Company: AMI Distribution Services, Worcester, Mass.
Operation: Division of AMI Leasing, which offers vehicle leasing, dedicated contract carriage, and other outsourcing services through over 25 locations to companies in the Northeast, MidAtlantic states, and the Midwest.
Rod Phillips, Director of distribution services
Problem: How does one plan -- and optimize -- routes for a fleet whose vehicles head out by the truckload but make multiple delivery stops?
To improve on-time delivery to retail outlets and reduce distribution costs for the Brooks drugstore chain, AMI Distribution Services determined back in 1995 that more efficient loading and routing was the way to go.
Before then, Brooks had used product case counts as the basis for its loading and store-delivery schedules. By the spring of '96, AMI and Brooks began instead to compile cube information on each store shipment.
It was decided that this data could be leveraged to take advantage of each tractor-trailer's available cube. Coupled with improved routing, AMI expected to significantly reduce Brooks' transportation costs.
Specific information was seen as the key. Instead of working from piece counts, all the items in the warehouse were "cubed" and the average size of each store order was determined so that more deliveries could be fitted on each truck.
It was hoped that coupling that information with better routing would save money by saving time, reducing scheduled delivery runs, and improving recordkeeping.
Solution: Rod Phillips says that AMI Distribution has turned to a sophisticated tool to make the most efficient use of the revised shipment information and to better plan delivery routes for Brooks.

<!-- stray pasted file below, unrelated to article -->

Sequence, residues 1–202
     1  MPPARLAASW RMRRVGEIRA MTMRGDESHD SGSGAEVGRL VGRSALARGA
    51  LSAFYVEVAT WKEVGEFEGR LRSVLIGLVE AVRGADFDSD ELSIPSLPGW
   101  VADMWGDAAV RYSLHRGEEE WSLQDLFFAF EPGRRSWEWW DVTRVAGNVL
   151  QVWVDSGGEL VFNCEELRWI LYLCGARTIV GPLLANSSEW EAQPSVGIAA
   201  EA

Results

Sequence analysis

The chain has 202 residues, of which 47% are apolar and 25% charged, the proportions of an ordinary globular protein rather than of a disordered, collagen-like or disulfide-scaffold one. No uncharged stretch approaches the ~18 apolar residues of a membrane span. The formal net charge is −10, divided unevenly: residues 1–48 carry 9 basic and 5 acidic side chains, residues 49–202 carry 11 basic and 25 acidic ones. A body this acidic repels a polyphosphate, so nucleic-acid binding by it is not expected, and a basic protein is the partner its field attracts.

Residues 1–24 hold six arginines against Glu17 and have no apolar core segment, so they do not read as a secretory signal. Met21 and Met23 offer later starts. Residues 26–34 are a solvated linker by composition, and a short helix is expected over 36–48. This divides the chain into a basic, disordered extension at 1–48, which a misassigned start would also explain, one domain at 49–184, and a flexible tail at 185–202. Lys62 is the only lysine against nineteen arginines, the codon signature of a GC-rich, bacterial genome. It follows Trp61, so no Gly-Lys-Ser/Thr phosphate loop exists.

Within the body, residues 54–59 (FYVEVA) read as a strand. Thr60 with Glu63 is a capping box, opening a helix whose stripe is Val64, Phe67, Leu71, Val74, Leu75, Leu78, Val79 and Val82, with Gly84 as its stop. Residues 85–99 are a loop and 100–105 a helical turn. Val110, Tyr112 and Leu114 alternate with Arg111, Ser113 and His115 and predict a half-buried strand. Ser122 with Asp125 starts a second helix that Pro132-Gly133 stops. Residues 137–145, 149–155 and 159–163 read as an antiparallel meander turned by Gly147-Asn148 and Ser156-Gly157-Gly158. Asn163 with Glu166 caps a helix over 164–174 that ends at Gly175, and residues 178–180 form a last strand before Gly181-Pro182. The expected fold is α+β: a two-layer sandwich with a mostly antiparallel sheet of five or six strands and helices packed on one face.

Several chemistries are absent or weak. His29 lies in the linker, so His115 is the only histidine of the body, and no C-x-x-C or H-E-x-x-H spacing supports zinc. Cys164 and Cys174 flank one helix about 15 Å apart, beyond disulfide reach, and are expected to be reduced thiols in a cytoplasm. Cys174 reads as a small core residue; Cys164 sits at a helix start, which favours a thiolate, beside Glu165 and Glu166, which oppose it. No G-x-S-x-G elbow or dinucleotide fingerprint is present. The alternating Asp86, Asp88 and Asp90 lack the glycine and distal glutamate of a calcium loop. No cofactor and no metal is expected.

The software program, Prophesy Transportation Software Inc.'s LoadExpress Plus, has proved out so well that AMI Distribution has become an official licensee of the product.
According to Phillips, the main benefit of the spreadsheet program is that it provides the ability to generate load and routing information for multiple customers -- or in Brooks' case, multiple stops -- simultaneously.
He says another advantage of the Windows-based software is that it can analyze transportation "choices using virtually any parameters a customer wants."
It also has the flexibility to accept data in Excel or ASCII formats or as "comma-delineated" files. "So, there's no need to build runs manually," Phillips says. "This not only provides a tremendous savings in labor costs, but also greatly reduces the potential for human error."
Load planners at AMI Distribution can now modify routes while such statistics as vehicle capacity, mileage, drive time, and work time are automatically updated.
"This new software capability provides a quick, simple, and flexible system for optimizing routes, scheduling deliveries, and analyzing distribution patterns," Phillips reports.
He says AMI Distribution's computer-aided expertise has helped over time to cut transportation costs for the Brooks chain by more than 15%. That savings has been realized by reducing weekly runs from 56 to 49 and cutting mileage about 16% (or nearly 2,000 miles a week) along the way.